Oscillatory Activity in Prefrontal Cortex during Implicit Letter-Location Binding
ABSTRACT In this study we demonstrated implicit verbal-spatial binding effects that were dependent on the task-relevant feature. We used MEG to measure brain activity underpinning the maintenance of verbal and spatial features in two recognition tasks, based on a letter-location paradigm previously used in binding studies. Both tasks were identical in terms of their perceptual characteristics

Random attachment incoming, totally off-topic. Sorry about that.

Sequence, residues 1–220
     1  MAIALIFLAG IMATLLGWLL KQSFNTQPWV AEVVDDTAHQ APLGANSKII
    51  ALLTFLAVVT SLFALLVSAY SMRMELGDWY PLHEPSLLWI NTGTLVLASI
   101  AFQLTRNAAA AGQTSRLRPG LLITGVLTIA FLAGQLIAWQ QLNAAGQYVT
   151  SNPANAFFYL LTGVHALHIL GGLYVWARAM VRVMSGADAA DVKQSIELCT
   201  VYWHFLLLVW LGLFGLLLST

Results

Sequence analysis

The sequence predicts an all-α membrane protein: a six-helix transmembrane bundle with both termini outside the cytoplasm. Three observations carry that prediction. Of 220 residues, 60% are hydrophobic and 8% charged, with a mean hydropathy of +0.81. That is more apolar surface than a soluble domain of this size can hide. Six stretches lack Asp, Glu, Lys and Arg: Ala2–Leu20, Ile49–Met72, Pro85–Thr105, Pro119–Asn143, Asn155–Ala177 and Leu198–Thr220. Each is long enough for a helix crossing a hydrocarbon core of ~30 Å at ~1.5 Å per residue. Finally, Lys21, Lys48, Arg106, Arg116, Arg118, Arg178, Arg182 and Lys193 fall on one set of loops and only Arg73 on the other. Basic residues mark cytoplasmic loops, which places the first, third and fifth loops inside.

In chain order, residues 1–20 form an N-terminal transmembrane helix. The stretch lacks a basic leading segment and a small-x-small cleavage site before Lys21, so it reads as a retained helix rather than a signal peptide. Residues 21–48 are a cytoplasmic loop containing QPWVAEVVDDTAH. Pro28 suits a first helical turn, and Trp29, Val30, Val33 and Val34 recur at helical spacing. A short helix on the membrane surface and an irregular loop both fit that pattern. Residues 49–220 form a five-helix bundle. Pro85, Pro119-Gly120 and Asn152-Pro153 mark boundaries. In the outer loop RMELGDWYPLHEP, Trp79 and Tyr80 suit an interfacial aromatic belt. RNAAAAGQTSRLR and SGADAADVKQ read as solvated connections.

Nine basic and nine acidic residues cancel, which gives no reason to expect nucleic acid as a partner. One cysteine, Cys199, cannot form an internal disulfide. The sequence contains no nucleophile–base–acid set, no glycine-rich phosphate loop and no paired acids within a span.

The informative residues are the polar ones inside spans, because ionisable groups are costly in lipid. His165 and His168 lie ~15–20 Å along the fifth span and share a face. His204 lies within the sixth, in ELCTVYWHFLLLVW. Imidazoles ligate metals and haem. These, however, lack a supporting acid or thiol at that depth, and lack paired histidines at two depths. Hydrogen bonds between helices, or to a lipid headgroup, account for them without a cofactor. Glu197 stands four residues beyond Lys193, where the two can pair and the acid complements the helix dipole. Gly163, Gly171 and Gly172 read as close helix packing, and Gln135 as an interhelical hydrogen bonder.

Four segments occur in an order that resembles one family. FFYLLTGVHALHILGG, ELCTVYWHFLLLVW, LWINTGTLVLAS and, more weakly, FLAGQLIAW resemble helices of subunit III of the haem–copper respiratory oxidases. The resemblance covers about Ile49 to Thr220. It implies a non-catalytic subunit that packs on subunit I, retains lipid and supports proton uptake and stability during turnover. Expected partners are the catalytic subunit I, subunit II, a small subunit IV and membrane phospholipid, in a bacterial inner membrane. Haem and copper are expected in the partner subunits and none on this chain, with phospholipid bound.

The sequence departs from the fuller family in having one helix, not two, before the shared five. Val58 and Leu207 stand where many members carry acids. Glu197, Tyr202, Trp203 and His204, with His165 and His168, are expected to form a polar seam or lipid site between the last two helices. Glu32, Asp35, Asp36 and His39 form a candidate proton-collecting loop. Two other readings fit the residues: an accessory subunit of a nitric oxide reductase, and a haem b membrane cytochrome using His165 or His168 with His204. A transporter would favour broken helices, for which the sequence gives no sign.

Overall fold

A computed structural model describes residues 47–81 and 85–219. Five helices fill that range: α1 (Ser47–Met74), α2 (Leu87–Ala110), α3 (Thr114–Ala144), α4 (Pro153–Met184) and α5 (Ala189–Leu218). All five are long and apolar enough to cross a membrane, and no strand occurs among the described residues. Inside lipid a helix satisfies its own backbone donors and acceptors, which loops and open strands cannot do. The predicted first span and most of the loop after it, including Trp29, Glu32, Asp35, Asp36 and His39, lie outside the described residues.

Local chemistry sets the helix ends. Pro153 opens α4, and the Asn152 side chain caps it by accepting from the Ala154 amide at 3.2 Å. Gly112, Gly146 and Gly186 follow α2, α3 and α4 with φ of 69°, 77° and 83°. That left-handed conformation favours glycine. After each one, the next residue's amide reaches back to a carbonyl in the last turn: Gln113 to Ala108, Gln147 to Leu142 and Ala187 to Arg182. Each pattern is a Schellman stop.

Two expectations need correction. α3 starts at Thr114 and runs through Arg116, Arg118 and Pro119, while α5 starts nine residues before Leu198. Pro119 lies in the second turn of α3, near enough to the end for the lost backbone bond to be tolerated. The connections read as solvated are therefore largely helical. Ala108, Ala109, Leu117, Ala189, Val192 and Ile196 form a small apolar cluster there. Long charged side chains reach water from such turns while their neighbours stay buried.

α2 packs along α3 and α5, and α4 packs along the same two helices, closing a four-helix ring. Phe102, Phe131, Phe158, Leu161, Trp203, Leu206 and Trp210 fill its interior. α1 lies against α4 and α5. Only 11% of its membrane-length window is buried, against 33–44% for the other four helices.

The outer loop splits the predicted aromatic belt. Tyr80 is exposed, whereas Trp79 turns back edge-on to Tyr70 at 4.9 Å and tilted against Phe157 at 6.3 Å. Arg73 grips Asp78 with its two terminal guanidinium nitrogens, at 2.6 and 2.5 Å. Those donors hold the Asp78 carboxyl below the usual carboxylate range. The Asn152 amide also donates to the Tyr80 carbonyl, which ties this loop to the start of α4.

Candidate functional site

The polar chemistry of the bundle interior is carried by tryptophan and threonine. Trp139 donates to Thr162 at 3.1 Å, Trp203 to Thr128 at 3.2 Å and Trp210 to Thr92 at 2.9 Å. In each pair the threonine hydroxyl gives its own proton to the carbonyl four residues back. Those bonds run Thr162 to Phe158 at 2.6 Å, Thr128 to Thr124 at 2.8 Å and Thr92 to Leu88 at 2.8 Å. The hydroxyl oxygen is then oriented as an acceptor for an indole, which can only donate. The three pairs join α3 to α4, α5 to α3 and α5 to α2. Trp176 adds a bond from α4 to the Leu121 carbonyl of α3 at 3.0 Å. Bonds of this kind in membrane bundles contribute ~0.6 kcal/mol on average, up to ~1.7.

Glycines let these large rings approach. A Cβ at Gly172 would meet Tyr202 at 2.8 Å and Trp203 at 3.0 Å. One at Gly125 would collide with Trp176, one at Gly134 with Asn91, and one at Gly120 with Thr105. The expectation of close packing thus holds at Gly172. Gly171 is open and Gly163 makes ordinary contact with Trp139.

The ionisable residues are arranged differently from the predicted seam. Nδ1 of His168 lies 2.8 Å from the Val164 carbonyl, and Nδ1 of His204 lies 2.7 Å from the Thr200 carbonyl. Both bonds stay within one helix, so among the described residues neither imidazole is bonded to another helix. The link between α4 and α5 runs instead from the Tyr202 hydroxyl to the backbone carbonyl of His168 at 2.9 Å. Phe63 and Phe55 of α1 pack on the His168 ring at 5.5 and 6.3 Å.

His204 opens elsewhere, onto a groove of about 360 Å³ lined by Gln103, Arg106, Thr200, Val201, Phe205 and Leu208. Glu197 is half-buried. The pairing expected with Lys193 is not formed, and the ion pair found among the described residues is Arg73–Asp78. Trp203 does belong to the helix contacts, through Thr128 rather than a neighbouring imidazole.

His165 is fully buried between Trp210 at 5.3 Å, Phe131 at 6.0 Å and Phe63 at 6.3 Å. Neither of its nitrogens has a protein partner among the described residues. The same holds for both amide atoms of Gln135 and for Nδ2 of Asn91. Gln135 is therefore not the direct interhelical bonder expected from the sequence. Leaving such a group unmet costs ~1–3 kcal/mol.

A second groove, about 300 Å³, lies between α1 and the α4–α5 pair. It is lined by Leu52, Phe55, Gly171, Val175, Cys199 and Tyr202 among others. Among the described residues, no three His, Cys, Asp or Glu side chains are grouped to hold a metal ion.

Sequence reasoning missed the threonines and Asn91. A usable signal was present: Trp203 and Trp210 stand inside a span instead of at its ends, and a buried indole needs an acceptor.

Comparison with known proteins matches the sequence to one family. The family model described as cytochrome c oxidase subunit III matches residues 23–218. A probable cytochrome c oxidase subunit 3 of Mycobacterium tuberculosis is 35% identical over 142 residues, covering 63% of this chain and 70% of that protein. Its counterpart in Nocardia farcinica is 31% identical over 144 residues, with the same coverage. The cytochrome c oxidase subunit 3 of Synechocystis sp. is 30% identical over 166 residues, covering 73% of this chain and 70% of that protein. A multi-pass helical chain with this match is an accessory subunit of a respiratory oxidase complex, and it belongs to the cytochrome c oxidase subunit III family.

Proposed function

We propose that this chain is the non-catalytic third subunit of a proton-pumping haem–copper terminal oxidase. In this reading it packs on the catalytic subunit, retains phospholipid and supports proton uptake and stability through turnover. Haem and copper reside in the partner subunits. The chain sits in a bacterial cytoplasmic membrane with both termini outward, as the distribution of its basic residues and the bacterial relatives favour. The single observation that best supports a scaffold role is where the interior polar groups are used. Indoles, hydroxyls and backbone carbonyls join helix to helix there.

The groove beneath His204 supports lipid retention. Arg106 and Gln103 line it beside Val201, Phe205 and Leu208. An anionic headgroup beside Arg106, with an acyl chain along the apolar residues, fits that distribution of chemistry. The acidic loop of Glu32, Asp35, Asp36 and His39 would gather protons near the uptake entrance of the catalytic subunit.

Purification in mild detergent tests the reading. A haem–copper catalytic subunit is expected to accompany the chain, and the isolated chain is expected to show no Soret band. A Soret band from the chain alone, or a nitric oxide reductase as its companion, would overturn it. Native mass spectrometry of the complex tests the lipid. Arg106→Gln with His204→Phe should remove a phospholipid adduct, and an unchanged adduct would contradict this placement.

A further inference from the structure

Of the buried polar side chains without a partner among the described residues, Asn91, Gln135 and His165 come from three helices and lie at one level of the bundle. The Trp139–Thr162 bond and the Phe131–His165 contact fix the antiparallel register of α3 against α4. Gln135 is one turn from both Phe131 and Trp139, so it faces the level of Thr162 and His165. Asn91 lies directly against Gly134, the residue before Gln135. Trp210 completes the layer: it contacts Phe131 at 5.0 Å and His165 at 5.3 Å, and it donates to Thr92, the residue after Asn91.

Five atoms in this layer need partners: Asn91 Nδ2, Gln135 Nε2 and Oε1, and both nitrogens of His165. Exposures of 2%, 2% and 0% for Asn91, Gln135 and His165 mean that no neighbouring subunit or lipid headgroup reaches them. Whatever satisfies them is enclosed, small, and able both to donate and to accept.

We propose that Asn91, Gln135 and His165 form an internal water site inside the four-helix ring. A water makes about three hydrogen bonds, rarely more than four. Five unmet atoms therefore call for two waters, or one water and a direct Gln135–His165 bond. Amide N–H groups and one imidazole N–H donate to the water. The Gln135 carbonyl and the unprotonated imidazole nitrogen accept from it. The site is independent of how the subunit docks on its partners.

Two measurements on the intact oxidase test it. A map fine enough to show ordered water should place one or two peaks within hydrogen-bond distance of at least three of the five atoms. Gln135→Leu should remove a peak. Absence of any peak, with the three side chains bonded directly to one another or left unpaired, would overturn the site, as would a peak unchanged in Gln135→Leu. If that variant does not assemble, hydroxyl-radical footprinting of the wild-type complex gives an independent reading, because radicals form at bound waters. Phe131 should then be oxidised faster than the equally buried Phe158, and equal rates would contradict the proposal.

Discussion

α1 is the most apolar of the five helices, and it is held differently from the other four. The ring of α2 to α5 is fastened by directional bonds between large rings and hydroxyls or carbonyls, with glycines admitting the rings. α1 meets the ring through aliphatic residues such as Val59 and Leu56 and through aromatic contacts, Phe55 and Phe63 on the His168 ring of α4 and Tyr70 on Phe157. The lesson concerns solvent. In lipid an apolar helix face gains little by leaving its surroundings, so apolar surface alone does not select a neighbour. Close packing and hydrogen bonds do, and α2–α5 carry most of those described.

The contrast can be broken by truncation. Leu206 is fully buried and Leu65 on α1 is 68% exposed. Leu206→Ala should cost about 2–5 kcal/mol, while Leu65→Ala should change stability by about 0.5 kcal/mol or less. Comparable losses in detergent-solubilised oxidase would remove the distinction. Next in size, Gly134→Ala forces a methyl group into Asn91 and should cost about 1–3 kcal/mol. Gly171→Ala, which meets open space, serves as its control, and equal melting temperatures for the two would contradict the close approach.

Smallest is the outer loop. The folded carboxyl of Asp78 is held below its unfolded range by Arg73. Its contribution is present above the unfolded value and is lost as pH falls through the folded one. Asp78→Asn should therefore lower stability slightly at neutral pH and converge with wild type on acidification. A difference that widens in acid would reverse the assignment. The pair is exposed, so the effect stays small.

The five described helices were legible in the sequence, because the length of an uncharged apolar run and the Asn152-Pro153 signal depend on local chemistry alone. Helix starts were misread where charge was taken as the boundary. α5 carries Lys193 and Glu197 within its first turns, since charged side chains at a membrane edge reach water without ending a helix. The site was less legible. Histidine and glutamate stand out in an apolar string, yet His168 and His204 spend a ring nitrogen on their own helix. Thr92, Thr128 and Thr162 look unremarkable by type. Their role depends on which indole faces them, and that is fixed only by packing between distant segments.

and only differed with respect to the instructions given. Thus, in the verbal task participants attended consonants, while in the spatial task they attended locations. We observed that maintaining the identity of verbal information (consonants) arranged in a spatially distributed manner resulted in the concurrent processing of task-irrelevant location information. Critically, the reverse relationship does not hold true, supporting the notion of associative asymmetry. This implicit verbal-spatial binding was linked to a specific effect described as a greater oscillatory activity over prefrontal regions in "classical” frequency bands during the first half of the retention period and accompanied by greater activity in PPC and temporal regions.